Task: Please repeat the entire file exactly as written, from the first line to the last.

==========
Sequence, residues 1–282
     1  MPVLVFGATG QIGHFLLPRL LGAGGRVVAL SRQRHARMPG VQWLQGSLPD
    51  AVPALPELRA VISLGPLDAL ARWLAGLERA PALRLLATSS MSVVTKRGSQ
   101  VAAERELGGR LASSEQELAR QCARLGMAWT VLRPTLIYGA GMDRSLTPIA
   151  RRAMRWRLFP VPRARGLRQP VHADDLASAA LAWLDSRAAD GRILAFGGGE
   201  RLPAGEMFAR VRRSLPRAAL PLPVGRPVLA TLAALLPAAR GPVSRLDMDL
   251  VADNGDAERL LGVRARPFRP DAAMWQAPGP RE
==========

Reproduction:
Sequence, residues 1–282
     1  MPVLVFGATG QIGHFLLPRL LGAGGRVVAL SRQRHARMPG VQWLQGSLPD
    51  AVPALPELRA VISLGPLDAL ARWLAGLERA PALRLLATSS MSVVTKRGSQ
   101  VAAERELGGR LASSEQELAR QCARLGMAWT VLRPTLIYGA GMDRSLTPIA
   151  RRAMRWRLFP VPRARGLRQP VHADDLASAA LAWLDSRAAD GRILAFGGGE
   201  RLPAGEMFAR VRRSLPRAAL PLPVGRPVLA TLAALLPAAR GPVSRLDMDL
   251  VADNGDAERL LGVRARPFRP DAAMWQAPGP RE